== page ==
“The Disbursement Acceleration Program (DAP) was implemented in good faith, and it stimulated the economy as was its intent,” President Aquino’s usually clueless spokesperson Edwin Lacierda said as he wriggled to defend what the Supreme Court ruled the other day as unconstitutional. Lies from Lacierda are becoming too commonplace.
The Supreme Court should take to task the Aquino government for misleading it by citing the World Bank’s March 2012 report that the DAP contributed “1.3 percentage points to GDP growth in the fourth quarter” (of 2011).”
How could that happen, when the DAP started only in November 2011 and released less than P20 billion in the last two months of the year? Indeed, the World Bank’s subsequent reports back-pedaled on its view of the DAP’s contribution to the country’s economic growth.
The World Bank noted in its updated December 2012 report that DAP represented a mere realignment of funds, which “does not guarantee sustained improvement in public spending to address growth and poverty targets.”
Even if it represented some increase in spending, the World Bank pointed out, “its contribution to gross domestic product growth is still miniscule (at less than 0.01 percentage point) given its relatively small amount (P40 billion) relative to the size of the economy (P10 trillion). “
Look at the numbers, and you’ll see the argument that the DAP stimulated the economy is so stupid. The P142 billion released in 2011 and 2012 is just 0.8 percent of the P20 trillion GDP for those years, and 5 percent of government expenditures.
While the DAP money (totaling P157.5 billion, including the P15.3 released in 2013) disbursed in three years is indeed tiny compared to the economy or the national budget, a major chunk of this—at least P34 billion—represented probably the biggest slush fund ever held solely by a president to spend at his whim in just two years.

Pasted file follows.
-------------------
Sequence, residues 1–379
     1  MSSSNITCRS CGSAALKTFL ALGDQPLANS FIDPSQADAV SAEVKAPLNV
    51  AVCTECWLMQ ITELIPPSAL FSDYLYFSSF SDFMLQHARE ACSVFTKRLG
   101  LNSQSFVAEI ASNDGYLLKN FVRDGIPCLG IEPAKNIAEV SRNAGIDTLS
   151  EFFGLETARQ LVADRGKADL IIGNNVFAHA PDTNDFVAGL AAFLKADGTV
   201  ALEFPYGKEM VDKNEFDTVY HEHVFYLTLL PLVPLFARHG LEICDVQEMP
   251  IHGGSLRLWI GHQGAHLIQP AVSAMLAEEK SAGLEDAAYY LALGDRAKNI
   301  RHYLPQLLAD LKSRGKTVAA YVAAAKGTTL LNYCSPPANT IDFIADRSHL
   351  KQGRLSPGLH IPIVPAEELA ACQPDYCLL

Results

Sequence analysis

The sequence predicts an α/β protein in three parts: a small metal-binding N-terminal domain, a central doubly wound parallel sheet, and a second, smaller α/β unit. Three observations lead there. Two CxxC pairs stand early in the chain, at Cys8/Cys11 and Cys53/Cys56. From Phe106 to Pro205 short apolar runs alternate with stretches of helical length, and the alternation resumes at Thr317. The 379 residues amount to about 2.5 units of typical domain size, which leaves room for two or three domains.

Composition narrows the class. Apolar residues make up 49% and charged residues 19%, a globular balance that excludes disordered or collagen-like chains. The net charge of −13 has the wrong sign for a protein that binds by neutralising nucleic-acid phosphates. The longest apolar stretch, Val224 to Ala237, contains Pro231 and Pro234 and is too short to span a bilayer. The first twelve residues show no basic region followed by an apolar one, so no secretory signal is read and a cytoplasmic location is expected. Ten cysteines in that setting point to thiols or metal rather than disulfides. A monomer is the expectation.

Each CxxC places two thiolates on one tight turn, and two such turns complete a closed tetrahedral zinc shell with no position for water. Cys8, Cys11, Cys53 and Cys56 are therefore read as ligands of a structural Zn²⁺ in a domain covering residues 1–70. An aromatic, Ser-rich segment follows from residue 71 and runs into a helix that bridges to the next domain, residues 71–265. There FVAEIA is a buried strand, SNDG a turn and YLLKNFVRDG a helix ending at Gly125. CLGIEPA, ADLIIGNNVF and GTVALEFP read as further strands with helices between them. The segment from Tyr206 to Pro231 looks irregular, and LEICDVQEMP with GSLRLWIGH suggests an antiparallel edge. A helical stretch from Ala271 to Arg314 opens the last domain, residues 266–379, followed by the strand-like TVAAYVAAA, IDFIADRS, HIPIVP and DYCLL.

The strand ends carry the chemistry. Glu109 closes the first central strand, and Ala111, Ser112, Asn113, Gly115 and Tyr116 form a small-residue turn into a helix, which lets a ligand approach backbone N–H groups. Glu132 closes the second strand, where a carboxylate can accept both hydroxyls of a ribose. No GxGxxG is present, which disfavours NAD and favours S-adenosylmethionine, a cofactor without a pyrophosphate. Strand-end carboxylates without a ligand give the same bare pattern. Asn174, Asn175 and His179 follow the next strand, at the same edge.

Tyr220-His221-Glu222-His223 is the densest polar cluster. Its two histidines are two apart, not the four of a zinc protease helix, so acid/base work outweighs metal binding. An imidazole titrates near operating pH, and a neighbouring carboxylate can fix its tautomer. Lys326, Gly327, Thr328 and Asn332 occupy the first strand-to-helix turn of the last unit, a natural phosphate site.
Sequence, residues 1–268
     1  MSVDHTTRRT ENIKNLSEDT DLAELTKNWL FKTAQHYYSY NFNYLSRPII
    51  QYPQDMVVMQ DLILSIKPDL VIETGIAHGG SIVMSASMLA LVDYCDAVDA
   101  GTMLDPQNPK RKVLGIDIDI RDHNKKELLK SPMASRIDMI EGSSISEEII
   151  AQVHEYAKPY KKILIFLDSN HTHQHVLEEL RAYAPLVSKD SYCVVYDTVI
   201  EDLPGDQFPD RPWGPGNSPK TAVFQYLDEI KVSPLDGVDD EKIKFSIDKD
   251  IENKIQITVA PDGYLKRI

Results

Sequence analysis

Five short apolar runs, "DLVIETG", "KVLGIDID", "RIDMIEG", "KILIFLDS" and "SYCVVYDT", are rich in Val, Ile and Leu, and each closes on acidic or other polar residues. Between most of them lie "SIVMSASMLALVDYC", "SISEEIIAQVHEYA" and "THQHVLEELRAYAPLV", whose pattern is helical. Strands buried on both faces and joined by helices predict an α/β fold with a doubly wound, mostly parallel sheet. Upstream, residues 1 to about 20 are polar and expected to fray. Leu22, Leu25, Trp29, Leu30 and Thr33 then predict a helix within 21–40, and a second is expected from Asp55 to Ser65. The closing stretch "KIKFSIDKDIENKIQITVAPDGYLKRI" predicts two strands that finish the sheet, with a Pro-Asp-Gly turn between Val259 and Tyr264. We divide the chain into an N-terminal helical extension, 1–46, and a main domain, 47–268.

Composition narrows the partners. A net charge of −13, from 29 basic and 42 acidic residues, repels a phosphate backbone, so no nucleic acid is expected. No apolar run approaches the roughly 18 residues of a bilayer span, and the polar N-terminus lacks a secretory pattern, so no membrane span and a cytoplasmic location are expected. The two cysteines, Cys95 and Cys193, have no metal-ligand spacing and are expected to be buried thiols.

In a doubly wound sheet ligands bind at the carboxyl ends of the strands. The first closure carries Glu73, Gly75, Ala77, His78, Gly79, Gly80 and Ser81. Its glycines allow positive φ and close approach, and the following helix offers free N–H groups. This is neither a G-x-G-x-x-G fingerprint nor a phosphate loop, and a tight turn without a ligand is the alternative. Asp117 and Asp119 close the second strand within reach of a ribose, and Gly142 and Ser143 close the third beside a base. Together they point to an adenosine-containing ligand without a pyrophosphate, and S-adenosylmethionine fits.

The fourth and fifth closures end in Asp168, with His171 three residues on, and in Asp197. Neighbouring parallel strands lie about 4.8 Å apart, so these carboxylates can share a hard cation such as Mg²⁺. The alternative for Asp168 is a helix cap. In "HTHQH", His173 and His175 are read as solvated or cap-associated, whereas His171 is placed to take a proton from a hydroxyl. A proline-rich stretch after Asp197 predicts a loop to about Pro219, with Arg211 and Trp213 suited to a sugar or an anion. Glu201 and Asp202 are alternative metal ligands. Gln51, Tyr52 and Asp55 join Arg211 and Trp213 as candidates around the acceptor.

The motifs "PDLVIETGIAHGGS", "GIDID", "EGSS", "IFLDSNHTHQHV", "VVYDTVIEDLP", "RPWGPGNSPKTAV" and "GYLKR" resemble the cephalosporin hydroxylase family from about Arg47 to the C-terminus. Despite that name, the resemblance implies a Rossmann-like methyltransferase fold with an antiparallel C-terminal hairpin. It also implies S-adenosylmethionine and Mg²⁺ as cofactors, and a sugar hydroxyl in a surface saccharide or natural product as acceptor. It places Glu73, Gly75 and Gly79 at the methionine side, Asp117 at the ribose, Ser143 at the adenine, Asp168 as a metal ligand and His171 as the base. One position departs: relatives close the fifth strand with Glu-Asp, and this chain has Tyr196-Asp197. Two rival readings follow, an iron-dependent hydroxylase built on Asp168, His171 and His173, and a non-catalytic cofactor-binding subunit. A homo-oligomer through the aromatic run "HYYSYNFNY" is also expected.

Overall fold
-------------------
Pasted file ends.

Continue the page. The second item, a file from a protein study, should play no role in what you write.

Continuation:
The root of this DAP saga is the Hacienda Luisita case.
By July 2011, President Aquino had told his key inner circle that by hook or by crook Supreme Court Chief Justice Renato Corona must be removed. He claimed that the Gloria Arroyo-appointee would impede his anti-corruption campaign.
Aquino’s real reason was that he and his Cojuangco clan had become desperate to reverse the Supreme Court decision issued that month. The ruling voided the fake land reform in 1989 of his family’s Hacienda Luisita (which then agrarian reform secretary Florencio Abad implemented) and ordered the hacienda’s land to be distributed to its farmers.
The Cojuangcos, according to the Supreme Court, should be given fair and just compensation of P173 million, or Hacienda Luisita’s 1989 value when the landlords undertook their fake land reform program. The landlord clan wanted P10 billion, its present market value.
Aquino’s appointee to the Supreme Court, the very inexperienced classmate of his, Lourdes Sereno, couldn’t convince the Court to increase the payment to the clan from P173 million to P10 billion. I was told then that Sereno herself told Aquino that there was no way for her to sway the Court if Corona remained as chief justice.
He had to be removed, and that could be done only through impeachment.
The problem obviously is that Congress would have to be bribed for that to happen, and the existing source for the bribes, the Priority Development Assistance Fund (PDAF), wasn’t enough to push the legislators to undertake such an unprecedented action, even if Aquino and Congress more than tripled the pork barrel fund from P7 billion in 2010 to P22 billion in 2011.